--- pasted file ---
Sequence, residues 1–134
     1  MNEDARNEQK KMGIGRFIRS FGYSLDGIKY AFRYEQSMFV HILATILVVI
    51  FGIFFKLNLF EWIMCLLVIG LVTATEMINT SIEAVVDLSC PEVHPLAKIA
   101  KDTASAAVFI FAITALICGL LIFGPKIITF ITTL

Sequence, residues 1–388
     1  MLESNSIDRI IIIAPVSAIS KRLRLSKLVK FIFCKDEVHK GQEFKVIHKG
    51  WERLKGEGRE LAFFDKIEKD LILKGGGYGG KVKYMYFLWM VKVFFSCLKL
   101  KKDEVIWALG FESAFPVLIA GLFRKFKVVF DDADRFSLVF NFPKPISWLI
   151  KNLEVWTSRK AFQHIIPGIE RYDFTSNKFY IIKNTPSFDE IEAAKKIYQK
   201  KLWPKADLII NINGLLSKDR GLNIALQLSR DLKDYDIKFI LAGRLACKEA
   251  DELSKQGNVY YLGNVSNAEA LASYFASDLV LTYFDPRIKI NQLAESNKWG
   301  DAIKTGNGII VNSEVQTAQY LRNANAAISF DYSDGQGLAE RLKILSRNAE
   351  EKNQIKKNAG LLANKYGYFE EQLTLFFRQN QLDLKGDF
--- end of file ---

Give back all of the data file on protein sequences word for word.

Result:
Sequence, residues 1–134
     1  MNEDARNEQK KMGIGRFIRS FGYSLDGIKY AFRYEQSMFV HILATILVVI
    51  FGIFFKLNLF EWIMCLLVIG LVTATEMINT SIEAVVDLSC PEVHPLAKIA
   101  KDTASAAVFI FAITALICGL LIFGPKIITF ITTL

Sequence, residues 1–388
     1  MLESNSIDRI IIIAPVSAIS KRLRLSKLVK FIFCKDEVHK GQEFKVIHKG
    51  WERLKGEGRE LAFFDKIEKD LILKGGGYGG KVKYMYFLWM VKVFFSCLKL
   101  KKDEVIWALG FESAFPVLIA GLFRKFKVVF DDADRFSLVF NFPKPISWLI
   151  KNLEVWTSRK AFQHIIPGIE RYDFTSNKFY IIKNTPSFDE IEAAKKIYQK
   201  KLWPKADLII NINGLLSKDR GLNIALQLSR DLKDYDIKFI LAGRLACKEA
   251  DELSKQGNVY YLGNVSNAEA LASYFASDLV LTYFDPRIKI NQLAESNKWG
   301  DAIKTGNGII VNSEVQTAQY LRNANAAISF DYSDGQGLAE RLKILSRNAE
   351  EKNQIKKNAG LLANKYGYFE EQLTLFFRQN QLDLKGDF